Touki recently turned 20, he’s listed 6’3″ 185 lbs, he bats and throws right.  Touki was drafted by the Diamondbacks 16th overall in the 2014 draft out of high school in Corral Springs, Fl (Fort Lauderdale metro).  I believe I heard at the time of the draft he was either the 1st ever player of Haitian decent to play professional baseball or the 1st ever drafted. I poked around the net a little bit this morning trying to find it but if anybody could clear that up for me that would be good, thanks.

I thought on the field that Touki looked 6’3″ 195 lbs and he appeared to be in excellent shape. There is a good amount of projection left.

The Delivery:

Touki stands on the 3rd base side of the rubber, he utilizes a 3/4 release point. There is some effort in the delivery, but he repeats it well.  He utilizes a high leg kick and it does create some deception. He’s a good athlete who works fast and has excellent arm speed.

In this 1st video we see Touki’s 1st start as a Brave courtesy of Chris Blessing (On Twitter @C_Blessing) and his release is kind of all over the place.

The 2nd video (also from Chris Blessing) is from April of this year, I wish it were more recent but he’s noticeably more consistent with his release point. When I saw him last July he was missing a lot side to side and often by feet.  He still has a ways to go but he’s much more consistently around the plate now.  The most obvious adjustment from one video to the other is he switched to the 3rd base side of the rubber.  We only see him pitching from the stretch in the 1st video because there was a runner on 1st at the start of it.

The fastball sat 91-95, touched 96 a few times, and 97 once in the 5th inning.  Early on he was mostly 91-93, and touching the higher bands,by the 3rd inning he was 93-95. With arm side run, the lower the velocity the higher the movement.  Even in the lower bands, very few batters were able to square the pitch and drive it to their pull side. 60 current, potential double plus.

The 11-5 curve was sometimes 11-4:30 or 11-5:30.  It was thrown most often in the high 70’s. It has nice shape and very sharp bite.  He still has a hard time throwing the pitch for strikes.  But it is a swing and miss generator and a weapon with 2 strikes. 70

Touki throws the change at 83-86.  He does a nice job mimicking the arm speed of the fastball.  He wasn’t finishing the pitch in my viewing leaving many above the belt on the inner 3rd.  The pitch did feature some fade and sink but it’s clearly his 3rd pitch. 45

Sequencing: 80% fastballs 1st time through but went down from there. 60% by the 5th inning.  Curves 10%, early 20% by the middle innings. Same for the change ups.

Command/Control:  Early on he was pounding the zone with fastballs it was control over command but it was still nice to see.  He wasn’t as consistent with location in innings 3-5.  He mostly bounced the curve all night but he did land a few of them in the zone.  He also took something off on a few of them and landed them in the zone.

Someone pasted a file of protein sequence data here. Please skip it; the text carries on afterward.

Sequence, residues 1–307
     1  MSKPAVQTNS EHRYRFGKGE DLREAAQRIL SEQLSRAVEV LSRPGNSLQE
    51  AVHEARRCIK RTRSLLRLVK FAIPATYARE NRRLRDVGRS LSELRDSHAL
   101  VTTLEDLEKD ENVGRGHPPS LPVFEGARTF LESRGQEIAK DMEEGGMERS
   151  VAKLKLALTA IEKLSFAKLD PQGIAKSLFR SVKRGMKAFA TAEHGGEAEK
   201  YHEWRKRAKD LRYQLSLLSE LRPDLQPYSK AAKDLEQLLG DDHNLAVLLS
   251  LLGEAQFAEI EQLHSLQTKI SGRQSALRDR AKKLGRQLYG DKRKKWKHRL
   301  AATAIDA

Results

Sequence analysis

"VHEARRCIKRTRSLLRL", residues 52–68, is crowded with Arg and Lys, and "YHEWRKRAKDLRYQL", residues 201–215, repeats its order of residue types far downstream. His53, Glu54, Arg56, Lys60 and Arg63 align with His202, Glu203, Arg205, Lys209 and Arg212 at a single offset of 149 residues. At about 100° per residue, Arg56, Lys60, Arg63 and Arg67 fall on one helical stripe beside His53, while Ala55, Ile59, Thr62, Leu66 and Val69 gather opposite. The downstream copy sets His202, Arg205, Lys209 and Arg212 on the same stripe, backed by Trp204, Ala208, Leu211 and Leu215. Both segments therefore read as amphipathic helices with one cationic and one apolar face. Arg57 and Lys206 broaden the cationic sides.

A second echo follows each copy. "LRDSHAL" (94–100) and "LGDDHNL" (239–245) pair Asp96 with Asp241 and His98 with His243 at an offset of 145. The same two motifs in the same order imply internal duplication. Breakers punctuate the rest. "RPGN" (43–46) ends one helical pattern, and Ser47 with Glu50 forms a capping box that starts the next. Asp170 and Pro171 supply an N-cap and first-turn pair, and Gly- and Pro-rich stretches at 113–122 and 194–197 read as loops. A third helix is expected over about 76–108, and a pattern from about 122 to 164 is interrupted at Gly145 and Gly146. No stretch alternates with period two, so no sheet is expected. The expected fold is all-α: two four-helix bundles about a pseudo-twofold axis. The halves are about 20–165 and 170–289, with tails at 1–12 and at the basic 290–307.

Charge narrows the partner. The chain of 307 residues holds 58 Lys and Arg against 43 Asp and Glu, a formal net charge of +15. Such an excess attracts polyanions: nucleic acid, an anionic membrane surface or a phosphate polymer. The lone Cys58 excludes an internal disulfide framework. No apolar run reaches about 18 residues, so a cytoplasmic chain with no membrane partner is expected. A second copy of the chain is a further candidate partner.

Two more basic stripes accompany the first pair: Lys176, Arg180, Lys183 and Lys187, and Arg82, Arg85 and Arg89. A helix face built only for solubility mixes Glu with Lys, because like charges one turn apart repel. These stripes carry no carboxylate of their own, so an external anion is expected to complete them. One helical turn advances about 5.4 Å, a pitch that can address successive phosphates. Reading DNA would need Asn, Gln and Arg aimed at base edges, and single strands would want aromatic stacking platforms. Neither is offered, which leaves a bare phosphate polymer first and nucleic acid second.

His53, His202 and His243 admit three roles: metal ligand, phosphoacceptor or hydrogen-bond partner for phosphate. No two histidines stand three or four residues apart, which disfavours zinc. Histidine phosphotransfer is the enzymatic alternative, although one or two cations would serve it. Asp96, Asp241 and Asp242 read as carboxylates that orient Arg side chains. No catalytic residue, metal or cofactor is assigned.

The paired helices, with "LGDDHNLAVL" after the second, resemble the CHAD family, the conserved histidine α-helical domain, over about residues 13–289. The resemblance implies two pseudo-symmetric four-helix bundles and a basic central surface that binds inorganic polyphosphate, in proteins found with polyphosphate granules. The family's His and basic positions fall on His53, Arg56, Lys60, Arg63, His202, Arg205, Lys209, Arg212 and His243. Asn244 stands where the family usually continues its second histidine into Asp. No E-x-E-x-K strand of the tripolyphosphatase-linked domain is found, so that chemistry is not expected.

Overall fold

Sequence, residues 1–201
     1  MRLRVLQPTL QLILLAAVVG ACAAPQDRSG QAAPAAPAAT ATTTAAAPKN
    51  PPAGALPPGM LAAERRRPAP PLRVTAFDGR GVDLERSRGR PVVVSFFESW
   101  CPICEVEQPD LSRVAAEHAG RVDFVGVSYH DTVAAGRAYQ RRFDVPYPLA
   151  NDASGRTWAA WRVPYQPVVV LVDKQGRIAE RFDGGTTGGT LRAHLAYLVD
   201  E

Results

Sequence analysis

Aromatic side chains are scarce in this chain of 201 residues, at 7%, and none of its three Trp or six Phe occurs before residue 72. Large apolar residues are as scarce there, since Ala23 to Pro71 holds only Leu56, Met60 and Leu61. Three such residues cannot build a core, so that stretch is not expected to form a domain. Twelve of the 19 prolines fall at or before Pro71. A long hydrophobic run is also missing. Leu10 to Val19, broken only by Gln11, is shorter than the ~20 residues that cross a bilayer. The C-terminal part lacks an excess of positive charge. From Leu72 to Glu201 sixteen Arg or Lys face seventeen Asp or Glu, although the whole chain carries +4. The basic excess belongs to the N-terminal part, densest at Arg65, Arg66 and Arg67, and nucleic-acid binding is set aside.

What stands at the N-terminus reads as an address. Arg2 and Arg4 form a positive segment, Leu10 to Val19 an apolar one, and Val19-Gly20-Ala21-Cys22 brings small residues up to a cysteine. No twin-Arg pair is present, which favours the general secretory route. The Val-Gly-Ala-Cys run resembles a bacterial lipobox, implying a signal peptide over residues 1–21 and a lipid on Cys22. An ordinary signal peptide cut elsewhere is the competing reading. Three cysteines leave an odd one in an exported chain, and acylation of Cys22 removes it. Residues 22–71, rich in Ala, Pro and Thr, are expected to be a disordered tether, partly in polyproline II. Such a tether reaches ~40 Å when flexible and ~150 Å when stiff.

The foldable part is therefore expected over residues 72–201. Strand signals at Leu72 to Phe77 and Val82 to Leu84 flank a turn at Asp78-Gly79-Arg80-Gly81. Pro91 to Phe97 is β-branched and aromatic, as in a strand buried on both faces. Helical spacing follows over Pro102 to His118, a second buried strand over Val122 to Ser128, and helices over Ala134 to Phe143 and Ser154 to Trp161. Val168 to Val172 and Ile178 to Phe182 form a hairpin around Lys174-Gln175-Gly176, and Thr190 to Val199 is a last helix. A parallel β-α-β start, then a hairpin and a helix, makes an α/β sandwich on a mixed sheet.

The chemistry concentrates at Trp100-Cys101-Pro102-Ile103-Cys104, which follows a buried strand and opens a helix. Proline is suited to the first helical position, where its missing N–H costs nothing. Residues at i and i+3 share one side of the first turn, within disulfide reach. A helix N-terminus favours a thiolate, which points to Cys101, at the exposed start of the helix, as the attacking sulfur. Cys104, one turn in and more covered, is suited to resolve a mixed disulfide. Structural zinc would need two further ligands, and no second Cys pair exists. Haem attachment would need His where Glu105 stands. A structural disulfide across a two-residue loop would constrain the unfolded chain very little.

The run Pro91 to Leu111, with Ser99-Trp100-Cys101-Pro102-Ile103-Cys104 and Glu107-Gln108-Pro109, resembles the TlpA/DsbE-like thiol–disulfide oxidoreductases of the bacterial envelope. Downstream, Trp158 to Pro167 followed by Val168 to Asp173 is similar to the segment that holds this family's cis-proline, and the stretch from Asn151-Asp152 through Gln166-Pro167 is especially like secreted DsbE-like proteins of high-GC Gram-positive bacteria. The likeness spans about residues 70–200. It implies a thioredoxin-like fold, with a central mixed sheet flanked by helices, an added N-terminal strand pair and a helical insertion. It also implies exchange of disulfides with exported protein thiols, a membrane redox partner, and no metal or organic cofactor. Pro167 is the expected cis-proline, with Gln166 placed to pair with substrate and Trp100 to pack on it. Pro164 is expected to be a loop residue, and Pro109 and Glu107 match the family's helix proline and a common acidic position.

Touki Toussaint is a lot of fun to watch, he works fast and has electric stuff.  He was struggling to put away hitters the other night because they were laying off of the curve and spoiling the fastball.  I don’t know that I saw his best change up yet.  He’s come a long way since last July but there is more development still to come.  I really hope he maxes out his range of outcomes.  That would be fun to see.  He has top of the rotation starter upside.  He could still be a dynamic 8th or 9th inning guy as a fall back option.  He’s in good hands in the Braves system.  They know a thing or two about pitching.

My 1st look at Ronald Acuna, CF, Rome

Ronald Acuna courtesy of

Ronald Acuna courtesy of

Hey guys, I took a run down to Fluor Field in Greenville last night to see the Drive take on the Rome Braves. It was the Drive’s 2016 home finale (there final 4 games are on the road in West Virginia) and my last chance to see Rome CF, Ronald Acuna  who was recently activated from a long DL stint.  It was also an opportunity to get another look at Touki Toussaint.  I’m glad I made it down.

Ronald Acuna, age 18, he’s listed 6′ 180 lbs, he bats and throws right.  Acuna was signed by the Braves out of Venezuela in July of 2014 for $100,000.

I guessed on the field Acuna was 6’1″ 190″.   He’s got some wiry strength to him and a projectable body.  He could carry another 10-15 lbs of muscle but that could cost him a step.

At the dish Acuna has an upright semi open stance.  He keeps his hands high and he remains pretty quiet pre pitch.  He utilizes a moderate leg kick for timing.  He’s got quick hands and a short fast linear swing.  The ball really jumps off of his bat.  It was just one look but as quick as he is to the ball he should have a high contact %. And with his bat speed and contact rates the hit could play as high as plus or perhaps even better.

Acuna has gap power right now but he’s strong and the ball really jumps off of his bat. I could see the game power approaching 45 or 10-14 HR’s in the next few years and 16-20 at peak. That’s with his current approach. If he starts putting more balls in the air those numbers could climb.

Acuna has plus speed, but needs to continue to hone his craft in terms of reading pitchers to max out the stolen base threat.

It was just one look and I didn’t get a very good read on the CF defense.  Sorry, he had a quiet night out there.

Here we get several great looks at Acuna’s swing courtesy of Chris Blessing (Baseball HQ)(on Twitter @C_Blessing)

Overall: I love his offensive game.  He’s going to hit and he’s got a nice power and speed combo.  He reminded me in many ways of Victor Robles  My 1st look at Victor Robles, CF, Hagerstown but not as fast and probably not as dynamic defensively.  He’ll be a fun player to watch develop.

Up next is a Touki Toussaint scouting report, that’ll land either tomorrow or Sunday.  Cheers

Rome in Greenville for my final game of the year

Ronald Acuna, courtesy of

Ronald Acuna, courtesy of